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Posted 25 April 2007 - 07:01

Originally posted by Vitesse2
This minimum method points table was published as part of a race report on the German GP. It's not quite correct, but as Autombil-Revue were at pains to point out, all these tables were unofficial ...

Europameisterschaft für Rennwagen:
1 Müller, Auto-Union, 8 Punkte;
2 Lang, Mercedes-Benz, und
2 Meier, Auto-Union, je 13 Punkte;
4 Caracciola, Mercedes-Benz,
4 v Brauchitsch, Mercedes-Benz,
4 Hasse, Auto Union,
4 Nuvolari, Auto-Union,
4 Sommer (Frankreich), je 15 Punkte.


As a bonus, here's the German Championship table ...

Deutsche Straßenmeisterschaft für Rennwagen:
1 Caracciola 6 Punkte,
2 Lang 5 Punkte
3 Müller 2 Punkte
4 Pietsch (Maserati) 1 Punkt.


Source: Freiburger Zeitung Sportblatt 24/7/39 p2

IIUTC You show the standings after the German GP. The minus system was applied for the European Championship but the German Championship used the plus system.

#608 HDonaldCapps

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Posted 29 April 2007 - 19:48

I think that it has been mentioned already, but I could nothing in the 1939 AIACR CSI Sporting Code or the Appendices covering this championhsip. There is a copy of the CSI Sporting Code for 1939 in the Bill Milliken Collection at the IMRRC. There is also a copy of the 1950 edition. I have a copy of 1939, but ran out of time when it came to making a copy of the 1950 edition.

#609 Vitesse2

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Posted 29 April 2007 - 21:13

Thanks, Don. Hardly a surprise that there's nothing there, I suppose. What would be interesting to know would be:

1 Was the championship mentioned in the previous years' Sporting Codes? The general ignorance about the 'old' scoring system would seem to indicate not, but OTOH copies of these seem to be rarer than hens' teeth, so perhaps nobody's actually checked them?

2 Did the CSI get as far as publishing a 1940 Sporting Code? Probably not ....

#610 HDonaldCapps

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Posted 30 April 2007 - 13:19

From what I can gather, it seems unlikely that the European Championship was covered in the Sporting Code. It is not mentioned in the Appendices. Nor, interestingly enough, is the International Formula. The Sporting Code is exactly what its title says: a generic sporting code issued by the CSI of the AIACR. Its provisions, generally, are not all that different than those found in the AAA Contest Rules, for instance, basically guidance of a very generic sort. All the same, an interesting document to have around.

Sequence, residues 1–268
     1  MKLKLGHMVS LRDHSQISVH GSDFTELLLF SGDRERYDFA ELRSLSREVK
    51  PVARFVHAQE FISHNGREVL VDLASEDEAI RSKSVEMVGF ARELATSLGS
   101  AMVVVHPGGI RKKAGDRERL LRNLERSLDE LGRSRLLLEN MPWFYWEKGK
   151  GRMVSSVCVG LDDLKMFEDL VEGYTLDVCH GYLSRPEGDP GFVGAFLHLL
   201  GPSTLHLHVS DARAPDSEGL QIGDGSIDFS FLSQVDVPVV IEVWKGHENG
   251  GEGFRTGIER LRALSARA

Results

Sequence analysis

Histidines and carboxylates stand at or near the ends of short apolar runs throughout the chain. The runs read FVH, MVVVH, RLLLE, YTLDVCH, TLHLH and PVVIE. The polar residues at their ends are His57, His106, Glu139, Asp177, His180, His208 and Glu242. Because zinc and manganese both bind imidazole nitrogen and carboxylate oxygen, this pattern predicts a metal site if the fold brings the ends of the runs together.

The Euro Championship and the International Formula were obviously dealt with through separate documents issued by the CSI, which, alas, are not in the Milliken Collection.

The Code is presented with English on the even-numbered pages and French on the odd-numbered pages. The Appendices are in a separate booklet, which was a surprise in a way. At some point in the next several days -- I am still sorting out the goodies I found from my visit to the IMRRC -- I will do a more detailed reading of The Code and see if I happened to overlook anything of interest.

#611 Vitesse2

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Posted 11 August 2008 - 12:54

I've been doing a bit more digging on that final 1939 GP at Bern and am in the process of rewriting that section of "Unfinished Symphony".

Part of that rewrite was inspired by this photograph in Christian Moity's book "Les Précurseurs de la Formule 1". When I saw it, I thought "Well, yes, just another Bremgarten start picture ...."

Posted Image

Then, I spotted this, right at the back of the grid .....

Posted Image

Who's that getting a push start? Yes - it's Müller! That's why he was so slow away. That's Johnny Wakefield working his way past in the background BTW.

Hans then sent me this one, taken a few seconds later. By now Wakefield's Maserati has successfully negotiated the Auto Union and the only car behind Müller appears to be Evans' old Tipo B Alfa. And there now seem to be three people pushing!

Posted Image

AFAIK not one race report mentions a push start. Unless anyone knows better of course ....;)

#612 Ren de Boer

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Posted 11 August 2008 - 13:37

In Eberhard Reuß' book "Hitlers Rennschlachten", it is mentioned that after the preliminary races, rain set in and Auto Union didn't have sufficient 22 inch rain tyres available from Continental. Therefore, it was decided that only Stuck and Nuvolari would run the final race with rain tyres. About Müller's result in the race, the book reads: "Behind the leading trio of Mercedes drivers Lang-Caracciola-Brauchitsch, Müller has made his way up into fourth place. Although he had made an involuntary 360 degree pirouette at the start on the rain-soaked cobble stones and lost a lot of time as a result."

#613 Holger Merten

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Posted 11 August 2008 - 14:19

But why didn't they give the rain tyres to Müller? So stupid to given to Stuck.

#614 Ren de Boer